Theatre and drama class are hugely collaborative. Students are always engaged in group work and scene work with others, which helps students gain skills in teamwork, problem-solving, and collaboration. However, it’s impossible for every student to get along with every other student. What can we do when these students are then expected to work together collaboratively in a group setting?
Use the following suggestions to help students get to know each other, build trust, and understand the responsibilities that come with group work.
- Employ warm-ups, games, and exercises that encourage teamwork and ensemble-building, such as:
- Establish clear guidelines and expectations for group member selection, whether it is teacher-selected, student-selected, or a random method.
- Depending on the amount of group work you do in class, you could make it a rule that students may only work with the same partner once per week/month. This essentially forces students to mix it up and work with different people.
- Encourage students to think and make smart choices when selecting partners or group members. Will these members help or hinder your success?
- Discuss and brainstorm different methods of conflict resolution.
- Give group-work instructions clearly and concisely (employing multiple methods of instruction if necessary – for example, both verbal and written instructions) so students are less likely to disagree on what your expectations are.
Identify the Why
While students are working on groups, observe your students and see if you can figure out what is going on within the group. For example:
- Is there a personality conflict between students?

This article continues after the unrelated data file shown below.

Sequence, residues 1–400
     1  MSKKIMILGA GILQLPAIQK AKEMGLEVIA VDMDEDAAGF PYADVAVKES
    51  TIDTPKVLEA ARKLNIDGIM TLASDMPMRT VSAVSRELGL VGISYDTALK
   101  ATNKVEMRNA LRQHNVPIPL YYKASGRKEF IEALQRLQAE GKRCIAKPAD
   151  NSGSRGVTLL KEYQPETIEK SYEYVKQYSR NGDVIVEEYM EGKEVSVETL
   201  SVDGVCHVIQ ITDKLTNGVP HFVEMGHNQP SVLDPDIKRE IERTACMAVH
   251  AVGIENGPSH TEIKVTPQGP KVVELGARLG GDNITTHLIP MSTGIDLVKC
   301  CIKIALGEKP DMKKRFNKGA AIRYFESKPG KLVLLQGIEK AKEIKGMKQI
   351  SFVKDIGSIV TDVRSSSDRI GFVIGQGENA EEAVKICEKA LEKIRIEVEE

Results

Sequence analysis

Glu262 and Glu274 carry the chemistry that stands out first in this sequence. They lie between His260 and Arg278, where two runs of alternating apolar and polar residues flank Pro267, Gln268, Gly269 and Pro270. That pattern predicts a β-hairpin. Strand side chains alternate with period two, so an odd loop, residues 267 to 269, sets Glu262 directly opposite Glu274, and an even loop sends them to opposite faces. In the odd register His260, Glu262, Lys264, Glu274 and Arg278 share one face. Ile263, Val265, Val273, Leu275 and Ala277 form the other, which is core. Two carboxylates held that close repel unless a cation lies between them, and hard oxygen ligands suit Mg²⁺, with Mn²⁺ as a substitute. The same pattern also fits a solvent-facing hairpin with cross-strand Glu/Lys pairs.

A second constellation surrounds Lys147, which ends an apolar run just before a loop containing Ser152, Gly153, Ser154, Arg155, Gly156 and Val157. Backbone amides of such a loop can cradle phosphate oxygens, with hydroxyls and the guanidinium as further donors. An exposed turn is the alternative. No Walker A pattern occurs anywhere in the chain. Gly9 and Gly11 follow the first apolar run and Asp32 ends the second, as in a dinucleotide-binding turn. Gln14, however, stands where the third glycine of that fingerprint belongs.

- Is there an underlying personal problem going on (such as a fight outside the classroom, a recent breakup, etc.)?
- Is one of the students “not there” (either engaging in negative behaviour, not contributing to the project, or physically absent)?
- Is one of the students taking over the group or bossing others around?
- Are the students distracted or unfocused? Even students who are best friends don’t always work well together because they are too busy socializing to focus on their work.
Bring the Students In
If a conflict does arise, meet quietly with your students in their group.
- Mention specific behaviours you’ve observed. For example:
- I noticed that I haven’t received your group’s rough draft script yet.
- It seems like you are spending a lot of time talking instead of up on your feet rehearsing.
- Allow students time to share their thoughts and feelings, both with you and with their group members.
- Work with students to avoid blaming or fighting in a group setting.
- Listen more than you talk. Help guide your students to come to solutions themselves, rather than telling them what to do or taking over.
- Students may have concerns that they don’t feel comfortable expressing in front of the rest of the group, for fear of being thought of as a snitch or teacher’s pet. If necessary, meet with students individually if you feel that they would benefit from it.
Work Together to Come to a Solution
- Come to a compromise and/or enlist conflict resolution techniques – this is not a focus on punishing the students, but rather figuring out the next steps.
- Establish group ground rules.
- Come up with specific tasks for each group member. For example, perhaps one student is responsible for creating the first draft of a script while another student is in charge of editing and proofreading.
- Help students break down the project and create a timeline of tasks that need to be completed and when they need to be completed.
- Switching groups or working individually should only be used as an absolute last resort. Students need to learn coping skills and how to deal with different people – they won’t be able to avoid this outside of the drama classroom.
- As always, reflecting on the process is important for students. Have them examine their own behaviour as well as the behaviour of the rest of the group. What worked well? What didn’t work? What could they have done differently? What might they do next time to help them succeed?
Kerry Hishon is a director, actor, writer and stage combatant from London, Ontario, Canada. She blogs at www.kerryhishon.com.
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